Acute Kidney Injury in Children: A 3-Year Retrospective Analysis at Komfo Anokye Teaching Hospital, Ghana
Highlights on Medicine and Medical Research Vol. 14,
5 June 2021
Background/Aims: Acute kidney injury (AKI) is a relatively common condition encountered in everyday paediatric practice. It remains a significant contributor to preventable deaths especially in resource constraint regions of the world largely due to lack of dialysis services. AKI remains a significant contributor to the mortality of critically ill children. Mortality outcomes depend on such factors as aetiology, medical setting, co-morbidities, and availability of dialysis therapy.
This 3-year data analysis (2010-2012) was undertaken to determine the aetiology and treatment/mortality outcomes of children with AKI presenting to a Teaching Hospital in Ghana. AKI was defined in this analysis by the RIFLE and KDIGO criteria.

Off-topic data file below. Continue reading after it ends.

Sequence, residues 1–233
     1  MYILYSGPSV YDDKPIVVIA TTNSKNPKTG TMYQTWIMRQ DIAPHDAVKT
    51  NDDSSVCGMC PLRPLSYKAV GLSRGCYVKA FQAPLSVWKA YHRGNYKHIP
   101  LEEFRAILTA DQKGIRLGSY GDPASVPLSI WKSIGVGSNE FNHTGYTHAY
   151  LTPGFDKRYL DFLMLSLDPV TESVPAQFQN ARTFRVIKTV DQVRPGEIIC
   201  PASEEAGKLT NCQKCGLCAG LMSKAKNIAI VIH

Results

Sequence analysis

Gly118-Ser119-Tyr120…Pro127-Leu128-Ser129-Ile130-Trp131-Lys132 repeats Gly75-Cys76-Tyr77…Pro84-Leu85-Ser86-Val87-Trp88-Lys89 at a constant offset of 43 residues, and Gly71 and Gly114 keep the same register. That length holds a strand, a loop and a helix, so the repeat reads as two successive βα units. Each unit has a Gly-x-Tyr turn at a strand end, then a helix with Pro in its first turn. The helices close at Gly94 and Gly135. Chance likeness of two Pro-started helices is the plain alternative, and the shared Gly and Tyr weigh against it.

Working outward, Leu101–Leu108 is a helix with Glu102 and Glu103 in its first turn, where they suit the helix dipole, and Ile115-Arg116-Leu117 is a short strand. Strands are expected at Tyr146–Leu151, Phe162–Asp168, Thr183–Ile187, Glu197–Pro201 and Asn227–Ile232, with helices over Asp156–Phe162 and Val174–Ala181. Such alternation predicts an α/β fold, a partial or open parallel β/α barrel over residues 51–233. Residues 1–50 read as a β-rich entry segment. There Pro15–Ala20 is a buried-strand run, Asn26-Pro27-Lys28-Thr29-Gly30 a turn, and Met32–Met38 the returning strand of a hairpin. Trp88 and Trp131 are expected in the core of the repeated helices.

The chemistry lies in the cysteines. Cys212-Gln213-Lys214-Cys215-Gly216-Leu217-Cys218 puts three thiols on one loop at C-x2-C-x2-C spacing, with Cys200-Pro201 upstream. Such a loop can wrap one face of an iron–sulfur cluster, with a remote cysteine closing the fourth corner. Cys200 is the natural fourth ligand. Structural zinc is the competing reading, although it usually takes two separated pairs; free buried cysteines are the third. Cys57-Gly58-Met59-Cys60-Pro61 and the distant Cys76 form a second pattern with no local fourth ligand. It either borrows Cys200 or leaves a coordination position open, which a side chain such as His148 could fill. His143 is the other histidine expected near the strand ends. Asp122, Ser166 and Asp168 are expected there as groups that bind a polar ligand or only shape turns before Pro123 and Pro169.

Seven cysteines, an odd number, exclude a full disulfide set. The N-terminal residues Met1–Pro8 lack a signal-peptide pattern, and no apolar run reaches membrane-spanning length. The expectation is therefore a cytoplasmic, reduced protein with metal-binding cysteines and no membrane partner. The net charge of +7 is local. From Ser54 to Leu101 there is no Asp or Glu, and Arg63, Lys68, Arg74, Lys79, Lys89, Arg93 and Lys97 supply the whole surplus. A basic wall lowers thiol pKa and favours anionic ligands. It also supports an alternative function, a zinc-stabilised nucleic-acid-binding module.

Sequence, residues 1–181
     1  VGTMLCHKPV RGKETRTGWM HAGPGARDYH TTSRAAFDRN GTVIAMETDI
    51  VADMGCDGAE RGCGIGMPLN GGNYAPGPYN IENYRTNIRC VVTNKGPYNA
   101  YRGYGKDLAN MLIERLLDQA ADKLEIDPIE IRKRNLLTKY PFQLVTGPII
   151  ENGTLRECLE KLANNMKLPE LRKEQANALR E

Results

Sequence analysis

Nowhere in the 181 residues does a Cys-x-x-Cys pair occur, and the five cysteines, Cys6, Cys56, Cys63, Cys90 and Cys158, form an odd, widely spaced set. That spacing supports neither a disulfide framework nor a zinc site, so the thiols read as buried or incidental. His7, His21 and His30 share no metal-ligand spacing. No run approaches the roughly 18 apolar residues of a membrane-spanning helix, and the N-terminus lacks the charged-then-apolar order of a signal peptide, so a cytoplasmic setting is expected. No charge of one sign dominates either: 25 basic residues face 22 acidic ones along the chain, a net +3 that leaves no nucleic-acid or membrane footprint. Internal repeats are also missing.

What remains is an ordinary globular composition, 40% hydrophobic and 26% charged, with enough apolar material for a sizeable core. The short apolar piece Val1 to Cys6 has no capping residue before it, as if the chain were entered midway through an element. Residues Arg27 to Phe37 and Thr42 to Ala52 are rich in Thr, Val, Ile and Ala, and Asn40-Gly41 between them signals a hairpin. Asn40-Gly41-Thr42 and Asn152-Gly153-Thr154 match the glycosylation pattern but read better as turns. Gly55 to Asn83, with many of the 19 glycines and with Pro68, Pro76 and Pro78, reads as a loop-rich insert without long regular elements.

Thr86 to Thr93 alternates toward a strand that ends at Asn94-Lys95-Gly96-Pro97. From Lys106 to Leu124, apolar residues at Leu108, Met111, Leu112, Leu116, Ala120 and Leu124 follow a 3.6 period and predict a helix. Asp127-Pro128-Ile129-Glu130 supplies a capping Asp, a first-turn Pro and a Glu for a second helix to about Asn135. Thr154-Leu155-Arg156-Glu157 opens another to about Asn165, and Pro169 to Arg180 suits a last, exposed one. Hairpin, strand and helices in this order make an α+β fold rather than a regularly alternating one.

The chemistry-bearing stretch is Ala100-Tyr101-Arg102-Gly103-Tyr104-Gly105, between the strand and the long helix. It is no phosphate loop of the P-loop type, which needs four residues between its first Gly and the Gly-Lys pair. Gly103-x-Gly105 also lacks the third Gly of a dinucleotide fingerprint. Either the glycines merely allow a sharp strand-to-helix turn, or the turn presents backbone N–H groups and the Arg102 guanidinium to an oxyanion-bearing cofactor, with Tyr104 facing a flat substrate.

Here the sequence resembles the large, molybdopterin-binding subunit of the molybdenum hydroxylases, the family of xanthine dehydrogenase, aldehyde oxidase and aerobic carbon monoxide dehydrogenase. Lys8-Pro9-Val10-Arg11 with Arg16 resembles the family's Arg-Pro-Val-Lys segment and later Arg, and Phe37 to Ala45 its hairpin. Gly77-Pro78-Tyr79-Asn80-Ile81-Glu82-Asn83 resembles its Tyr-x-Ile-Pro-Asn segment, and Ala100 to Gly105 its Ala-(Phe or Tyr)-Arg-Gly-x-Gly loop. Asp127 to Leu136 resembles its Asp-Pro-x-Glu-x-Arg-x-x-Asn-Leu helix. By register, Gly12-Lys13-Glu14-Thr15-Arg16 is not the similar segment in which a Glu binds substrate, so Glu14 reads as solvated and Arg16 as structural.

Results: Two hundred and six (206) cases of AKI were recorded over the period out of a total of 664 renal cases.
Haemoglobinuria, obstructive uropathy and tumour infiltration of the kidneys were the leading causes of AKI (37.8%). 9.2% of cases were diarrhoeal-related with glomerulonephritides occurring in 12.1% of cases.
Seventy-one (34.5%) of the 206 AKI cases required dialysis which could only be provided for 25 (35.2%), 16 (64%) of whom survived.
Forty-three (20.9%) children died, while 144 (69.9%) survived.
Thirty-one (72%) of the patients who died needed dialysis.
Conclusion: In comparison to previous studies across the world, there is huge burden of AKI among hospitalized children in Kumasi, Ghana.
Haemoglobinuria and tumour-related conditions accounted for most cases of AKI more than diarrhoea-associated conditions and postinfectious glomerulonephritis as were previously reported or postulated.
Most AKI deaths were related to lack of dialysis service. In view of the less technical requirements compared with other modalities of renal replacement therapy, peritoneal dialysis should be promoted across Africa to curtail needless deaths from AKI.
- Acute kidney injury
- resource constraint regions
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